Frazier cracks down on 35 Police chief suspends officers facing misconduct charges

Street patrol duties halted

They get desk jobs and are stripped of their guns and badges

September 18, 1997|By Peter Hermann | Peter Hermann,SUN STAFF

Baltimore's police chief has ordered that 35 police officers facing misconduct charges be stripped of their guns and badges and pulled from street patrol until their cases are resolved.

The suspension, one of the largest in recent memory, has triggered an internal review of top police commanders to determine why officers the department wanted to fire were put back on the street while their disciplinary hearings were pending.

It comes more than a month after Officer Charles M. Smothers II was videotaped killing a man armed with a knife outside Lexington Market. Smothers was on duty despite being on probation for shooting at a former girlfriend and her boyfriend in 1995.

"We do have a number of officers who we feel should have their police powers revoked," Commissioner Thomas C. Frazier said at a news conference yesterday.

The officers newly targeted by Frazier include 24 who have administrative hearings pending and nine who are under internal investigation on allegations of domestic violence or use of unnecessary force.

Two of the officers have been convicted of domestic-violence offenses, one of them nearly 20 years ago. A new federal law prohibits anyone convicted in a domestic violence case, no matter how long ago, from carrying a weapon.

Most of the newly suspended officers, who will be assigned to desk jobs, are in the patrol division. The highest-ranking one is a sergeant.

Officer Gary McLhinney, president of the Fraternal Order of Police Lodge 3, accused Frazier of suspending officers out of "public relations" concerns stemming from the Smothers case.

In one domestic violence case, McLhinney said, the officer's girlfriend wrote to Frazier saying she had made up the charges. "Yet this officer has lost his police powers," the union president said.

"It just means we will have fewer police officers on the street," McLhinney said. "We are hearing that some officers are being offered hearings and others aren't. If that's the case, we will be in court."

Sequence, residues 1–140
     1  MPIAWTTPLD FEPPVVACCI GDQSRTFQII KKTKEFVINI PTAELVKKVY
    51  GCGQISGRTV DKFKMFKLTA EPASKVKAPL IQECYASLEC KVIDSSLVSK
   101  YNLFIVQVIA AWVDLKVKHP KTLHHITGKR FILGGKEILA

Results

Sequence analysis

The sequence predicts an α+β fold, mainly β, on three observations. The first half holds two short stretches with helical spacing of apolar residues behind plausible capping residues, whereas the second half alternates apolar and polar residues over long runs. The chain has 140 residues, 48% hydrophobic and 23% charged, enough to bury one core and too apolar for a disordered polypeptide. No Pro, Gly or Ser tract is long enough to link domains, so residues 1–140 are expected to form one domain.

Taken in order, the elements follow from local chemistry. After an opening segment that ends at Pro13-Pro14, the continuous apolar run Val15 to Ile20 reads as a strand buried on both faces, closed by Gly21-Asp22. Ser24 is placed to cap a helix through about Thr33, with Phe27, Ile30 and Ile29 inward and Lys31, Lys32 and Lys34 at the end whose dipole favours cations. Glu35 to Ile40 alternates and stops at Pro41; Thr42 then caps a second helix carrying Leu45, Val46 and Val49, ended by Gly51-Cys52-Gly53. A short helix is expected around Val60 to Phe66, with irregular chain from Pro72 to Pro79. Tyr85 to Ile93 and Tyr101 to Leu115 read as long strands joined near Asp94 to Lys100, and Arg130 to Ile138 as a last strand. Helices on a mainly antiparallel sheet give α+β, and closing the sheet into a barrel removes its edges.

Frazier said the biggest problem has been the haphazard way of dealing with officers in trouble. Many of the officers suspended yesterday were briefly suspended when they were accused but were then allowed to return to duty by a commanding officer who was not required to fill out paperwork or offer an explanation.

That will change. Frazier said each of the 35 suspended officers will receive a hearing before a colonel. If the colonel decides an exception is warranted, he or she must provide a written explanation to Frazier, who makes the final decision.

The problem came to light after the incident involving Smothers, who was cleared of criminal wrongdoing in the shooting of

James Quarles but is on desk duty until an administrative review of the case is completed.

xTC At the time of the shooting, Smothers was facing an administrative hearing in the battery case. He entered an Alford plea in the case and was given probation before judgment.

His two years of probation won't end until November, but he was restored to duty in August 1996 after a probation agent allowed him to get his weapon back and a department psychiatrist determined he was fit for duty.

In an interview last month, Frazier said the department had no written guidelines on returning officers to duty while administrative charges are pending and no way to determine who makes the decision to do so.

Yesterday, the commissioner identified Col. Ronald L. Daniel, former chief of half of the patrol division, as the commander who returned Smothers to duty.

It was particularly embarrassing for the department, which has promised to fire any officer involved in domestic violence.

"We take domestic violence seriously," said a top police commander who requested that his name not be used. "Two years ago, the commissioner said he didn't want domestic-violence people to have a gun."

The source said commanders "were shocked" after the Smothers case. "You got a cop on the street. He's on probation. He hunts down his girlfriend's paramour and shoots at him. How could this have happened?"

Frazier said yesterday that he had made it clear to top commanders that officers accused of serious offenses need to be pulled from the street. "I made perfectly clear what my standard is, and I would be surprised if there is any misunderstanding in the future," he said.

The commissioner said that of the 35 officers he suspended, two dozen "are in very serious jeopardy of termination."

Administrative trial boards have been on hold for about a year while department officials have answered concerns about racial bias in disciplinary cases.

About 200 officers await disciplinary hearing for alleged violations of departmental rules.

Pub Date: 9/18/97

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